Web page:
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The real issues in this campaign have nothing to do with who said what in 2018.
I like Elizabeth Warren. I also like Bernie Sanders. On ideological grounds, they are my preferred candidates. Whether either can win remains to be seen. The primary contest is an important “barometer,” though there is no ultimate test beyond winning itself.
Warren’s electability argument might be right. Or it might not be right. Again, we will see how things unfold . . . .
At the same time, I think the latest brouhahas about Sanders and his “dissing” of Warren are kind of absurd.
First it was claimed that he was “going on the attack” because apparently some campaign offices were making scripted phone calls to potential voters that said that Warren was a more centrist candidate than Sanders, that her base of support was “educated people,” and that she did not mobilize new voters the way that Sanders does.
We can argue about whether these claims are right or wrong (they seem arguably true to me, especially the first two). But in any case, it is hard to see them as slanderous. or even “attacking.” They do assert a difference between the candidates–and there is a difference, indeed more than one! Isn’t that what campaigns do?
And isn’t that what Warren has done recently when she has muted her support for Medicare for All, and then claimed that she is the best candidate because she can “unify” disparate wings of the party?
Then it was “revealed” – in a leak, presumably from somebody in Warren’s orbit – that in 2018 Sanders might have said to Warren in a private conversation that “a woman is not electable.”
She said/he said. I don’t know what to make of this. I do know this: when I first read about this story, what was reported was that at that a private 2018 meeting, Warren told Sanders she was running, expressed her excitement, and indicated that she thought the vote of women could buoy her campaign, and Sanders expressed doubts about whether her being a woman was an asset or a liability. It is easy to imagine that Sanders said something like this.
It is also a very reasonable thing to say, in private, especially in response to a claim like the one originally attributed to Warren. (If you tell a friend, privately, that you think women will flock to and thus strengthen your candidacy, it needs to be possible for the friend to share with you their doubts about whether your gender will really work that way or some other way).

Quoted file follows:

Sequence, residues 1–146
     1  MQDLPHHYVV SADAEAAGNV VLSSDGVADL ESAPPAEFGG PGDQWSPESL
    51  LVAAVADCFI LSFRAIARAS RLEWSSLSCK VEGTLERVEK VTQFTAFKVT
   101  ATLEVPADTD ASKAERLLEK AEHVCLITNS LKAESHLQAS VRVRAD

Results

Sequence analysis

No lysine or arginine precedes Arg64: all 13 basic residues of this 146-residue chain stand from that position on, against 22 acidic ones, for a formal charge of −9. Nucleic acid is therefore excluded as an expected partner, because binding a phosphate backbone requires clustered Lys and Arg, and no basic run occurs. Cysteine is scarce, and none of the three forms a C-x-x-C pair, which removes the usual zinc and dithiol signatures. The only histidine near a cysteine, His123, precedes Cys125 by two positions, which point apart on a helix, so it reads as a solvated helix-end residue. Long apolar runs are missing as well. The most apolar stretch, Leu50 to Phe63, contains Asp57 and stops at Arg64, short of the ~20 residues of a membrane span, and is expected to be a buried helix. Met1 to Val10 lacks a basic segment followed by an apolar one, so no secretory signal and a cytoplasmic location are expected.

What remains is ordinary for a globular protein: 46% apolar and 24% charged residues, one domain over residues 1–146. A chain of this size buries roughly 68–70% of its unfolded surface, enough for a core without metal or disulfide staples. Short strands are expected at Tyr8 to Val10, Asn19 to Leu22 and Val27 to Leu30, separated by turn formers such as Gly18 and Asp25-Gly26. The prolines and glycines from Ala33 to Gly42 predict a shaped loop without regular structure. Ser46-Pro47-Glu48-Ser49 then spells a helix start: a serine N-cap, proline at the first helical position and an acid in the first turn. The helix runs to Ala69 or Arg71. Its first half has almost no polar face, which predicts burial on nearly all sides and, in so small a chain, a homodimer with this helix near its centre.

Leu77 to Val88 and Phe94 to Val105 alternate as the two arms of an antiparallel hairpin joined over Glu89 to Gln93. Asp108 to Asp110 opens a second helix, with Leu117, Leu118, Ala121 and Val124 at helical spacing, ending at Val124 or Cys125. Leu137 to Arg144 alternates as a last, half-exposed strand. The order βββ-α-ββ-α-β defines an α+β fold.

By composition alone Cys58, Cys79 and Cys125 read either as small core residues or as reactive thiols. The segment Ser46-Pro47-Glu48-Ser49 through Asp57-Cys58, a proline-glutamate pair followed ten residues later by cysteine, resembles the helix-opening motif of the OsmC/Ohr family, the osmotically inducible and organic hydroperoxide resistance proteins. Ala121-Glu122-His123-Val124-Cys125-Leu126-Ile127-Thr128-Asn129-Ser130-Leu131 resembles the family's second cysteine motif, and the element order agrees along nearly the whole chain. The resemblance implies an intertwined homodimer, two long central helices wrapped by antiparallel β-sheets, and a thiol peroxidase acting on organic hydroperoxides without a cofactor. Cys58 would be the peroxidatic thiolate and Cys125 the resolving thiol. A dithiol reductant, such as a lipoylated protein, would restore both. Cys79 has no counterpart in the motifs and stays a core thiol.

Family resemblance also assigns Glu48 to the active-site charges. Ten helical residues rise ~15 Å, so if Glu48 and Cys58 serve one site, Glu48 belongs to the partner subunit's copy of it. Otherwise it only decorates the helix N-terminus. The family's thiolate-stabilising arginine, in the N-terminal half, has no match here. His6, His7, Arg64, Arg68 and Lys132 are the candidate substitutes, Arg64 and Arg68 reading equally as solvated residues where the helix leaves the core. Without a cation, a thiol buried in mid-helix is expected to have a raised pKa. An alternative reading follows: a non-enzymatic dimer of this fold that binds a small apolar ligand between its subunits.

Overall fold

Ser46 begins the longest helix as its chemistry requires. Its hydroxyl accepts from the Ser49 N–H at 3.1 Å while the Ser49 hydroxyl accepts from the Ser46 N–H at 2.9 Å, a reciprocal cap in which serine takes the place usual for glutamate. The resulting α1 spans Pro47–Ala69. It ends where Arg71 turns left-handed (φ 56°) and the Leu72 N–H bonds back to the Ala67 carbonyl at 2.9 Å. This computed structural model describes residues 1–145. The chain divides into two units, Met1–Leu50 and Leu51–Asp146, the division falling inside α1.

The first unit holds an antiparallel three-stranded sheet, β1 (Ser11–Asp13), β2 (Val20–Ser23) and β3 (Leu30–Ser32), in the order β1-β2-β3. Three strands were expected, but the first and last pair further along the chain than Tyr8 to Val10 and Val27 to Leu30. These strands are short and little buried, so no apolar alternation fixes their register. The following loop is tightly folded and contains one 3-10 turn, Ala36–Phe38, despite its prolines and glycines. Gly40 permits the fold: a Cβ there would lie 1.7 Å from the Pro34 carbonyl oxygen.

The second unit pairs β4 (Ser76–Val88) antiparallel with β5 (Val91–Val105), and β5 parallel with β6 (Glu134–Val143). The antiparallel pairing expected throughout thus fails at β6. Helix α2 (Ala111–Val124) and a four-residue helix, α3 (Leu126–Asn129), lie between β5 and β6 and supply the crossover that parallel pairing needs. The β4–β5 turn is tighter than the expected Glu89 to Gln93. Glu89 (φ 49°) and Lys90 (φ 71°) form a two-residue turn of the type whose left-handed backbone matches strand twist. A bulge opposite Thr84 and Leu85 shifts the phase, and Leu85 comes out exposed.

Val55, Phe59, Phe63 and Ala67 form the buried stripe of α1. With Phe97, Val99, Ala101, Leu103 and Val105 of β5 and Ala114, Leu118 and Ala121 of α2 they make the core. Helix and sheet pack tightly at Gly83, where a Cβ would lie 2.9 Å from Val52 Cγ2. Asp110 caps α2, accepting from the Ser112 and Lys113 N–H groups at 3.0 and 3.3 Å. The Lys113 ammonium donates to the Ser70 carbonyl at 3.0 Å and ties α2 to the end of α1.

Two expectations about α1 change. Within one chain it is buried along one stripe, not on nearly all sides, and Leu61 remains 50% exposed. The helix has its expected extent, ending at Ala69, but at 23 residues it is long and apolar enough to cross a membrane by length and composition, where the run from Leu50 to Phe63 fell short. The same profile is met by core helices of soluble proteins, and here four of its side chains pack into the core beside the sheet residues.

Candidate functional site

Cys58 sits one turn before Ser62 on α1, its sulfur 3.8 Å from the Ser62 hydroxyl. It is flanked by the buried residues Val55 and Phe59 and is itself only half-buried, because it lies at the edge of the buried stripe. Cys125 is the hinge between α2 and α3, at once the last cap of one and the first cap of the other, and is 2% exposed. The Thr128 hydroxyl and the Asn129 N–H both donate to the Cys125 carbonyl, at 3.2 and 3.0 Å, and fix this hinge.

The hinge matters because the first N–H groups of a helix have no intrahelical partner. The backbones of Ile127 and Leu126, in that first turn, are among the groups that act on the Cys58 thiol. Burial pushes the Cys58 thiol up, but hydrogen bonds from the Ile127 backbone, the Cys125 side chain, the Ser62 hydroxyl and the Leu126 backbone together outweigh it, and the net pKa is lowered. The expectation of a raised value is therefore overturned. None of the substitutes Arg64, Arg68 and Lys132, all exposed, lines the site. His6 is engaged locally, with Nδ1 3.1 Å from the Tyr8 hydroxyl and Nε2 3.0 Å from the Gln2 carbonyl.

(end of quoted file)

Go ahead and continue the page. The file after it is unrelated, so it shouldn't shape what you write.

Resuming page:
It is true that Sanders is not an “identity politics” person. Neither is Warren for that matter. And it is also true that he can be tone deaf on these issues, and that some women who are former Clinton supporters in particular don’t like him for this reason, as is their right. It is also true that Sanders has a strong ego and surely always planned to run in 2020.
But it really is hard to believe that Sanders–who has learned from 2016, who has many female principals in his campaign, and who has made organizing women workers central to his campaign–simply volunteered the observation that “a woman can’t win” in Warren’s face. If nothing else, doing so would be stupid and insulting.
Now, in the wake of this kerfuffle and the way it played out in last week’s debate, Warren is apparently being more explicit about the argument that she is “electable” in part because she can mobilize women voters. All the power to her. At the same time, the context of the conversation between her and Sanders in 2018, and the actual claims originally reported, are a far cry from Sanders disparaging either her or women candidates.
The current kerfuffle between Warren and Sanders has almost nothing to do with the real issues at stake in this election and even this primary. There are some differences between these two, and it would be good for these differences to be seriously engaged—and for the candidates to work hard, with their staffs, to keep the focus on these issues. I fear that these acrimonious “he said/she said” disputes between them will only harm the progressive values that both share. And I urge friends and colleagues to do what they can to keep the focus on what really matters.
Jeffrey C. Isaac is James H. Rudy Professor of Political Science at Indiana University, Bloomington. His books include: Democracy in Dark Times (1998); The Poverty of Progressivism: The Future of American Democracy in a Time of Liberal Decline; and Arendt, Camus, and Modern Rebellion.
First published in Common Dreams. Included in Vox Populi under a Creative Commons Attribution-Share Alike 3.0 License.